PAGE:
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Re: Checkpoint 2.2: Proposal for revised provision regarding XML/SGML content

From: Al Gilman <asgilman@iamdigex.net>
Date: Sat, 28 Sep 2002 20:44:49 -0400
Message-Id: <>
To: w3c-wai-ua@w3.org

At 01:23 PM 2002-09-28, Ian B. Jacobs wrote:
>Dear UAWG,
>This is a proposal to fix a provision of checkpoint 2.2
>(text view) in UAAG 1.0. Al, I'm addressing you explicitly
>to ask whether the proposal is properly worded.

Does this situation perhaps fit your concept of "normative inclusions"?

In other words, the proposal quoted below reads as though it defines what
is a text format for the purposes of this checkpoint, although it is probably
safer to say that these two conditions define normative inclusions.  Any
media object satisfying either of these conditions MUST be treated as a text
object for the purposes of this checkpoint.  But it is not true that all
media objects the User Agent SHOULD treat as a text media object meet these
criteria.  For example, a media object of type message/rfc-822 should be
viewable as text.  I don't think we need to put that in as a normative
inclusion, but I think it better to state the two conditions as given as
normative inclusions (clarifying, but not exhausting, the cases to be

I would also add

   c) [In the absence of authoritative MIME-type information to the contrary,]
any media object identified as XML or SGML by a DOCTYPE indication conforming
to the rules of those formats.

It is overly onerous to check a media object for text-ness in general.  But
it is not overly onerous to check the head of a file for a legal DOCTYPE

Note that User Agents receive media objects in many ways.  The HTTP protocol
is somewhat reliable as regards providing MIME-type information for the data
so delivered.  The file: and ftp: URI schemes, on the other hand, do not
provide this kind of information.  In cases like these, using the built-in
markings of XML and SGML objects is appropriate and should be expected.



Yes, I think that the group over-reacted before and that this approach
should remove the developer concern while better preserving the substance of
the provision.

PPS: The bit about 'in the absence of authoritative information to the
contrary' could be omitted above.  It's pretty picky.  But User Agents that
receive data identified in the HTTP headers as of type
application/octet-stream, for example, should *not* be *required* to check
the contents at all, even if there is a DOCTYPE inside the file and the
whole thing is validatable XML or SGML.  There is a principle related to
this in the working papers [findings] of the TAG.  I still think that User
Agents should not be discouraged from offering a text view of anything that
may make some sense in that view.  On the other hand, they should not be
required to do so when there is strong evidence against this expectation.

>In the Candidate Recommendation, the checkpoint included:
>   "all SGML and XML applications, regardless of
>    Internet media type (e.g., HTML 4.01, XHTML 1.1, SMIL, SVG,
>    etc.)."
>Some developers during CR indicated that without Internet media type 
>information, one cannot reliably sniff content to determine that a piece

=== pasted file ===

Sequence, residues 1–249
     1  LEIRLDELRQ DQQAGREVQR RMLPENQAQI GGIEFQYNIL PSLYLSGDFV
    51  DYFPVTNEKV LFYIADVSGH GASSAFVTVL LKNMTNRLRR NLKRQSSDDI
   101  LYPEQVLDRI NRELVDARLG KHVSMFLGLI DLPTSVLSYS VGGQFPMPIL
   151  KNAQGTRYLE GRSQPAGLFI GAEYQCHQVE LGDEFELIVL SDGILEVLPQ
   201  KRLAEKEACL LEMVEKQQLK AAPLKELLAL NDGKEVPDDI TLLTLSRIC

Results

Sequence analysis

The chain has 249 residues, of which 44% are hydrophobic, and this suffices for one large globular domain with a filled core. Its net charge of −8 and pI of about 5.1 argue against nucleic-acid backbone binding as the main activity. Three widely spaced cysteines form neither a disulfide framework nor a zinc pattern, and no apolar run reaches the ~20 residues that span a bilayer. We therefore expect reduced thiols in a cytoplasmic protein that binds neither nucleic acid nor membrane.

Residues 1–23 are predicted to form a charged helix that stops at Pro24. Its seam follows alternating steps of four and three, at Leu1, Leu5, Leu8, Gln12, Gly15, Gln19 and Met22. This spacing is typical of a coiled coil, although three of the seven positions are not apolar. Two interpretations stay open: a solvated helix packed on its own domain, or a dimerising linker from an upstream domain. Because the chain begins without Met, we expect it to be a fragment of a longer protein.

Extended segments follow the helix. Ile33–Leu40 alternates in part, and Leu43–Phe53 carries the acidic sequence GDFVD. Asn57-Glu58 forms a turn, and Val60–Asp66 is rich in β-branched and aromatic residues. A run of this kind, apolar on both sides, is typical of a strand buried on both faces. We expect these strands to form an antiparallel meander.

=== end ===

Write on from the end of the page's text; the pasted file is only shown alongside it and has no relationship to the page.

>of content is an instance of an XML application. So in the last call 
>draft, we deleted this provision.
>Steven Pemberton's last call comments [1] include:
>   "I would beef up this definition to at least include XML."
>We resolved for issue 548 [3] to include the media type
>application/xhtml+xml in this checkpoint. But upon reflection,
>I think that's the wrong solution.
>I think that my proposal to delete the XML provision was the wrong 
>solution to the problem the developers raised in CR.
>I now understand the ambiguity in the phrase "any XML application, 
>regardless of Internet media type". One could interpret this
>to mean "the user agent has to figure out whether this is XML content, 
>whatever the media type." I think this ambiguity led
>to the comments in CR; I have not confirmed with the reviewers.
>I believe the intention of the second provision was to
>provide a text view for content identified by media type as
>XML and SGML content, even if UAAG 1.0 did not identify
>all such media types (hence "regardless of media type").
>I would like to reinstate a revised provision as a response
>to Steven Pemberton's comments.
>For the purposes of this checkpoint, a text format is either:
>    1) any media object given an Internet media type of
>      "text" (e.g., "text/plain", "text/html", or "text/*"),
>       as defined in RFC 2046 [RFC2046], section 4.1., or
>    2) any media object identified by Internet media type to
>       be an instance of an XML or SGML application.
>   Note: As an example, RFC 3023 [2] defines some Internet media
>   types for XML content.
>I think this proposal:
>  a) Would satisfy Steven Pemberton's suggestion to "beef up" the
>     checkpoint.
>  b) Is in line with our original intent (pre-last call) to provide
>     a text view of XML content. We deleted that requirement thinking
>     it was technically unsound, but that discussion was based on
>     misunderstanding.
>Thank you,
>  - Ian
>[1] http://lists.w3.org/Archives/Public/w3c-wai-ua/2002JulSep/0149
>[2] http://www.ietf.org/rfc/rfc3023.txt
>[3] http://www.w3.org/WAI/UA/issues/issues-linear-lc4.html#548
>Ian Jacobs (ij@w3.org)   http://www.w3.org/People/Jacobs
>Tel:                     +1 718 260-9447
Received on Saturday, 28 September 2002 20:44:55 UTC

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